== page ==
Egg Harbor Township High School’s class of 2012 was so large that the procession needed three songs to make its way across the football field.
As the chorus of the first song kicked in — “I will be here, don’t you cry, ’cause you’ll be in my heart” — a pair of black-and-silver, star-shaped balloons drifted up into the blue and the audience erupted into a wave of whistles and applause.
Superintendent Scott McCartney said the Class of 2012 is the largest on record, with 665 students marching to Phil Collins’ plaintive melody, and later to Satchmo’s “What a Wonderful World,” and later still to 10,000 Maniacs’ “These Are Days.” And 2012 will likely hold that record for another decade, he said, since economic recession stunted the district’s tremendous population growth.
“This has been a great class that will go on and do great things,” he said, beaming in his teal-and-black gown minutes before leading the procession.
The shadow of the poor economy still lingers over the township’s graduating class as it has for the past four years. All of the student speakers referenced the hardships that await, but said they will face all the obstacles in solidarity.
“Let us redefine prosperity as happiness, not simply financial success; with our currency measured in smiles, not dollars,” said valedictorian Ceili Burdhimo, who will go on to Massachusetts Institute of Technology in the fall.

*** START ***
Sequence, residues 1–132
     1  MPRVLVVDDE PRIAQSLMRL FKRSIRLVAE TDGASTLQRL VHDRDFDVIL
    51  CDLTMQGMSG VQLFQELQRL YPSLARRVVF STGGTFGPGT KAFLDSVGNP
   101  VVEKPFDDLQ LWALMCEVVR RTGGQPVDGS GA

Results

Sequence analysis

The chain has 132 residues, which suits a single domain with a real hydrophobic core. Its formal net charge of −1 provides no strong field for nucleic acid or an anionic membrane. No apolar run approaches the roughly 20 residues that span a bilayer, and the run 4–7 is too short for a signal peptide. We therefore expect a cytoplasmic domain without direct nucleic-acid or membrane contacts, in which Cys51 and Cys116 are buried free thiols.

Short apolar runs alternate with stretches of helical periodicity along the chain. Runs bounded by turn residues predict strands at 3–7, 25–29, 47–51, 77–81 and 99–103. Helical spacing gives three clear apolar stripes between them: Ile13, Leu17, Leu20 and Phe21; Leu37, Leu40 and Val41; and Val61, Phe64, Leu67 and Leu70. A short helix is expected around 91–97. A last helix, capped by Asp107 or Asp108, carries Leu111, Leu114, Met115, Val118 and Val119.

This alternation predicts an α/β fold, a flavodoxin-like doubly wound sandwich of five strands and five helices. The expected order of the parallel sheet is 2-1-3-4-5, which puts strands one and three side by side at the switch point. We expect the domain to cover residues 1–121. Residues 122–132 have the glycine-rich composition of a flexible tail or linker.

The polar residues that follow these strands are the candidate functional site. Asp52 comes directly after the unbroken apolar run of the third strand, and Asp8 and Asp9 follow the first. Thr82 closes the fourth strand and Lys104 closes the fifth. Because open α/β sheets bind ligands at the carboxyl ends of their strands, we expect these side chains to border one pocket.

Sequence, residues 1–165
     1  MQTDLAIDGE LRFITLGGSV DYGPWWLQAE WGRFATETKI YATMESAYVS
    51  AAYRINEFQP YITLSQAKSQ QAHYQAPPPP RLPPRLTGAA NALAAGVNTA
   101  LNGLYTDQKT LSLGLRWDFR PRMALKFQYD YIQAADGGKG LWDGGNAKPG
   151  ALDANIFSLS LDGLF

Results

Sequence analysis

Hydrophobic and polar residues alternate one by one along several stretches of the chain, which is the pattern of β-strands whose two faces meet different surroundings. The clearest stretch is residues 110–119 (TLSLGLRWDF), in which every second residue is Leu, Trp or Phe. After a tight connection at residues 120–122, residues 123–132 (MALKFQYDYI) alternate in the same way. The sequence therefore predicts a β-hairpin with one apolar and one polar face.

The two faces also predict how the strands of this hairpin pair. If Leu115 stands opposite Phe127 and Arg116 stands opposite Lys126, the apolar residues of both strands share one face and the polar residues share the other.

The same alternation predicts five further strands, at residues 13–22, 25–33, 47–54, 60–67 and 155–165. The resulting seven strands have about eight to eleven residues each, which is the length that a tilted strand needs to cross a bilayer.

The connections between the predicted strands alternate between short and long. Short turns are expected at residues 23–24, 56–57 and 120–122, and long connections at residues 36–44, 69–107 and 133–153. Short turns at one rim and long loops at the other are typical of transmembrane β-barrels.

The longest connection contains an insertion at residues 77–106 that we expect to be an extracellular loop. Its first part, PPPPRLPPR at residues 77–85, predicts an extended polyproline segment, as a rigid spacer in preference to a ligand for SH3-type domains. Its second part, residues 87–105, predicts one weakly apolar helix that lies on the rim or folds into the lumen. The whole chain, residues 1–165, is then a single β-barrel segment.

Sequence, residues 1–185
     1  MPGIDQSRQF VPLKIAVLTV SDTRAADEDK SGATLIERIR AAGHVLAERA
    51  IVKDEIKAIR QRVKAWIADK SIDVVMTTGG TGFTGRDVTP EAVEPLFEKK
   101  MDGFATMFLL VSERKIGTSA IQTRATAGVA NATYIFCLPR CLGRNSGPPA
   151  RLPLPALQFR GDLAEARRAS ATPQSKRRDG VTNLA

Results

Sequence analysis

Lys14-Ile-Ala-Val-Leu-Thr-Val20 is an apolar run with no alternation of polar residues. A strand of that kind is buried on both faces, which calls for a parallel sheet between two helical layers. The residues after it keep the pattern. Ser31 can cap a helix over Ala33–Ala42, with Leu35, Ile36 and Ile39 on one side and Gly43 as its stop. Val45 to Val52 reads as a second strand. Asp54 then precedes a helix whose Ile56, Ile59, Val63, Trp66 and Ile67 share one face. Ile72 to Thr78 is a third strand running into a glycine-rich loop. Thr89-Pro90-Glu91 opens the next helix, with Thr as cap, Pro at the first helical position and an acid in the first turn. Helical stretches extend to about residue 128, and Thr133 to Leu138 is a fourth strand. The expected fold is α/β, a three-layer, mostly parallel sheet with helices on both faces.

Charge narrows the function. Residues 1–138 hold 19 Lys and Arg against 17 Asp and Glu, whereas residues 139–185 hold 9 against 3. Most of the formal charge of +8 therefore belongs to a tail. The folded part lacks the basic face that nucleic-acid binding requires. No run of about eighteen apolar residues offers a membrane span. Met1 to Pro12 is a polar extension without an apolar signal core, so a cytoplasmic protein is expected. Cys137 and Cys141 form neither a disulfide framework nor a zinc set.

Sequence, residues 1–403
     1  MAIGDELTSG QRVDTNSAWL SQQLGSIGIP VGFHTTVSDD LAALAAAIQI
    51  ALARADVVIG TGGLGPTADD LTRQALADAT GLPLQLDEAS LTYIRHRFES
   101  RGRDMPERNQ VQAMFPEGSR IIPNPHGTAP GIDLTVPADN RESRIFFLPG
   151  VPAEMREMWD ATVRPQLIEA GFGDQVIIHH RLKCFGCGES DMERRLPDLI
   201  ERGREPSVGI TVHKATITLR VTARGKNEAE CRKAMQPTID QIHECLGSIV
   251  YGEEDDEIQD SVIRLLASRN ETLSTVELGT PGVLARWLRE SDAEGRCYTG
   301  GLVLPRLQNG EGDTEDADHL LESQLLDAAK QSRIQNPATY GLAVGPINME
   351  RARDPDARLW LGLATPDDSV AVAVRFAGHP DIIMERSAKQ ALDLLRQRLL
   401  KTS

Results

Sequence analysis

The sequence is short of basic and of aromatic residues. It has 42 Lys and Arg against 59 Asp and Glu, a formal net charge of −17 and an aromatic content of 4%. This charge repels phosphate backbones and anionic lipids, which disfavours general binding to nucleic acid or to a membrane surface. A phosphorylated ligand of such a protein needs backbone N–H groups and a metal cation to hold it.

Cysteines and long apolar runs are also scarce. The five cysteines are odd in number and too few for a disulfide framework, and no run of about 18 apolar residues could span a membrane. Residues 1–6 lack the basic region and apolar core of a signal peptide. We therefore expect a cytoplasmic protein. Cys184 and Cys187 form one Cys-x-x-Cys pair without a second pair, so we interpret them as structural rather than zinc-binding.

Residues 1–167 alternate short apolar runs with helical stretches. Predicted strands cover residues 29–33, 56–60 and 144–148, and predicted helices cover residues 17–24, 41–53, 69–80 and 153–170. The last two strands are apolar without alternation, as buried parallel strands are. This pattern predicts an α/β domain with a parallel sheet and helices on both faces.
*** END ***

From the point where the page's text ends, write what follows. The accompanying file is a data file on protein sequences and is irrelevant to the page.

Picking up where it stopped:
The challenge, Burdhimo said, is not living up to the expectations set by previous generations, but in striking out in new directions.
“We will successfully redefine prosperity and we shall prosper more than any other generation before,” she said.
Taking his cues from William Ernest Henley’s poem “Invictus,” a graduation-speech mainstay, salutatorian Robert Kertz said the Class of 2012 must control its own destiny.
“We should not let ourselves be mere puppets to be controlled by external forces,” he said. “Each one of us has the ability to accomplish anything to which we set our minds.”
McCartney said the Class of 2012 should have no problem fulfilling its ambitions, with 90 percent of the class pursuing college degrees with the help of an accumulated $16 million in scholarships.
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